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Eskom reconfirms revenue need as it concludes presentation at Nersa hearings

Tuesday, 5 February 2019: Eskom concludes its tariff application presentation to stakeholders at public hearings conducted by the National Energy Regulator of South Africa (NERSA) where it confirmed its requirement of an average annual electricity increase of 17.1%, 15.4% & 15.5% for three years under the fourth Multi-Year Price Determination (MYPD4) and a Regulatory Clearing Account (RCA) balance of R20bn for year 5 of MYPD 3. An inflation-based revenue growth, as suggested by a number of stakeholders, would unfortunately push Eskom closer to the brink since a funding gap of R50 billion exists even with the requested increases.

Mr Calib Cassim, Eskom’s Chief Financial Officer reiterated that Eskom had presented a fully compliant tariff application, a fact that was confirmed by the regulator in October 2018 upon receipt of Eskom documents: “It is important to note that NERSA conducts an analysis for compliance with the Minimum Information Requirements for Tariff Applications (MIRTA), as well as the Multi-Year Price Determination (MYPD) Methodology and we received confirmation from the regulator confirming this fact. In addition, Eskom provided facts and evidence under oath to motivate its application for efficient and prudent revenue. We trust that NERSA will make a decision that balances the sustainability of Eskom with the impact on consumers according to agreed timelines to create certainty and avoid driving Eskom into further financial distress.”

The requested revenue is crucial to ensure that Eskom restores operational efficiency and delivers on its mandate of supplying reliable electricity. The current financial situation is unsustainable and presents a risk to security of supply and Eskom’s going concern status. Debt has grown nearly ten-fold over the past ten years even while prices increased five-fold indicating that price of electricity is too low. It must be noted that Eskom has looked into cost efficiencies from its operations but that alone is not enough to return it to financial sustainability. There is a need for the regulator and the shareholder to play their part in restoring Eskom’s finances, the former by ensuring that we move closer to a cost-reflective tariff and latter through shareholder support including a solution for municipal arrear debt.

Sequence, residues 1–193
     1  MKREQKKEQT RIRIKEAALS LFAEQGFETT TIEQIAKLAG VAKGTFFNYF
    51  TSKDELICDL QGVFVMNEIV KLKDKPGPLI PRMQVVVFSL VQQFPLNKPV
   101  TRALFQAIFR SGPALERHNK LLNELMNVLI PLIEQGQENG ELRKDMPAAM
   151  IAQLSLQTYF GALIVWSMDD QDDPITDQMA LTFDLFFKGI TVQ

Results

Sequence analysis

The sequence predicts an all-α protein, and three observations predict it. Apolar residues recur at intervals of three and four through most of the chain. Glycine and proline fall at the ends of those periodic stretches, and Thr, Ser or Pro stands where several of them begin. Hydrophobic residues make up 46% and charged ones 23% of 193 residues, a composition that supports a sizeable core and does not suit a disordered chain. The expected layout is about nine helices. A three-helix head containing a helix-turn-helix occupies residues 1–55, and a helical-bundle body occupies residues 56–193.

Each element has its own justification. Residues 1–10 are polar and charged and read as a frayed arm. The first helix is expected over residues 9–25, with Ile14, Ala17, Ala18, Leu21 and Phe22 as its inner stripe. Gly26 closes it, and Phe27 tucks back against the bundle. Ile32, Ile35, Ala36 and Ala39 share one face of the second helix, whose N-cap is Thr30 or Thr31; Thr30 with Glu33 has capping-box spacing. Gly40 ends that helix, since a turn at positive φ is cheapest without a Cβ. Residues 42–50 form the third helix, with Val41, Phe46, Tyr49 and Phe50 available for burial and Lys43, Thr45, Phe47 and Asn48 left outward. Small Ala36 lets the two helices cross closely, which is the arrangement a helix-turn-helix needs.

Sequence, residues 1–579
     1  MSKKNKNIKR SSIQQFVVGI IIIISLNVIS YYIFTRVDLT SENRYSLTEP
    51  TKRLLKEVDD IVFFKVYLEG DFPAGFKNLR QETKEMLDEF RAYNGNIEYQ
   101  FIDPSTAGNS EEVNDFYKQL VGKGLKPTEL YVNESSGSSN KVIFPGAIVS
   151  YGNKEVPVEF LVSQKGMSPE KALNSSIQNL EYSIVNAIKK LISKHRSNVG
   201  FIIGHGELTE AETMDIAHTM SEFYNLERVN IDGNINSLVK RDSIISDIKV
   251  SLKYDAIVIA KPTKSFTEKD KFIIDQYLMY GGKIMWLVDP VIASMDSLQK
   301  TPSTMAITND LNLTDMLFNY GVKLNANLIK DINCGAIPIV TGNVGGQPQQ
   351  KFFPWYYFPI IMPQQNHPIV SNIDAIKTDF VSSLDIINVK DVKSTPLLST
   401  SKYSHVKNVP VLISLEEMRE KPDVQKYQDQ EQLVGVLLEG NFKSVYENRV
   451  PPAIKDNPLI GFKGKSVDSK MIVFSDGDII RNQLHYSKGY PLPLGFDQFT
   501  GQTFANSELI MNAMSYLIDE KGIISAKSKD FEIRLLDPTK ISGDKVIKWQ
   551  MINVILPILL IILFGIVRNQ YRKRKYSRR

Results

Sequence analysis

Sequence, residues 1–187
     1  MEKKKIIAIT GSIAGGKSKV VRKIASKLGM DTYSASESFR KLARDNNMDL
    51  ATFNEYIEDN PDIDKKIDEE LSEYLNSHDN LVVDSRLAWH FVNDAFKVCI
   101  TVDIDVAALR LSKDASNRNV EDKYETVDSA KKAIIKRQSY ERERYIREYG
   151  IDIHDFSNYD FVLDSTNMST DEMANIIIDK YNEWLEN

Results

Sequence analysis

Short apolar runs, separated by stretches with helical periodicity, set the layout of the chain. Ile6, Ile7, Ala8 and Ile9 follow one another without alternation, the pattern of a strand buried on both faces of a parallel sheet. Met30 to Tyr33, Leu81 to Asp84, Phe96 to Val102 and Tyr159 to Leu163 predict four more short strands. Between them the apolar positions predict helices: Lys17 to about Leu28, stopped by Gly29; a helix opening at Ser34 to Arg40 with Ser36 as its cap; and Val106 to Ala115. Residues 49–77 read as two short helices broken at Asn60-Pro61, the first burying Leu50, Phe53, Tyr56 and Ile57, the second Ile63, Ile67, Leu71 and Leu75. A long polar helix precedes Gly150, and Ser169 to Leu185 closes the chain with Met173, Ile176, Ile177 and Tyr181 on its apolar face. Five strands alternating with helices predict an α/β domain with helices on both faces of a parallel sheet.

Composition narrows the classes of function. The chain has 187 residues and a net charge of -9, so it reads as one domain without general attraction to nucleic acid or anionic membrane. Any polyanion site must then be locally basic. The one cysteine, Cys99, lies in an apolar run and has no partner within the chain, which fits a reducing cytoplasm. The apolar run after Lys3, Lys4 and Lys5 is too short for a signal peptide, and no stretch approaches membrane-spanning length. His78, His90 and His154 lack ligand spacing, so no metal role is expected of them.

In line with the Electricity Regulation Act, the MYPD methodology and prudency guidelines, Eskom has provided details on prudent and efficient costs, details of its dire financial situation and extent to which it has been subsidising the electricity consumer for many years. In addition, the context of its operations where it is running a fleet that is past midlife with an average age of 37 years, which is also compounded by challenges of embarking on a build programme without enough time for planning. NERSA will review these costs with comparison to relevant recognised benchmarks, and provide comprehensive reasons.  It needs to be clarified that NERSA prudency guidelines require the prevailing circumstances and environment to be considered. The norm is a comparison to what a reasonable operator would undertake in similar circumstances.

Cassim indicated that Eskom is sensitive to the impact that electricity increases have on vulnerable customers including the poor and identified distressed industries, “We have actively encouraged exploring policy options with government to protect identified vulnerable sectors, a matter that has become urgent. We are encouraged that NERSA has already approved two short-term incentives that addressed distressed industries successfully. There is a need to tie-up these interventions with South Africa’s industrial policy and economic development strategy to ensure sustainability for all.” 

 

ENDS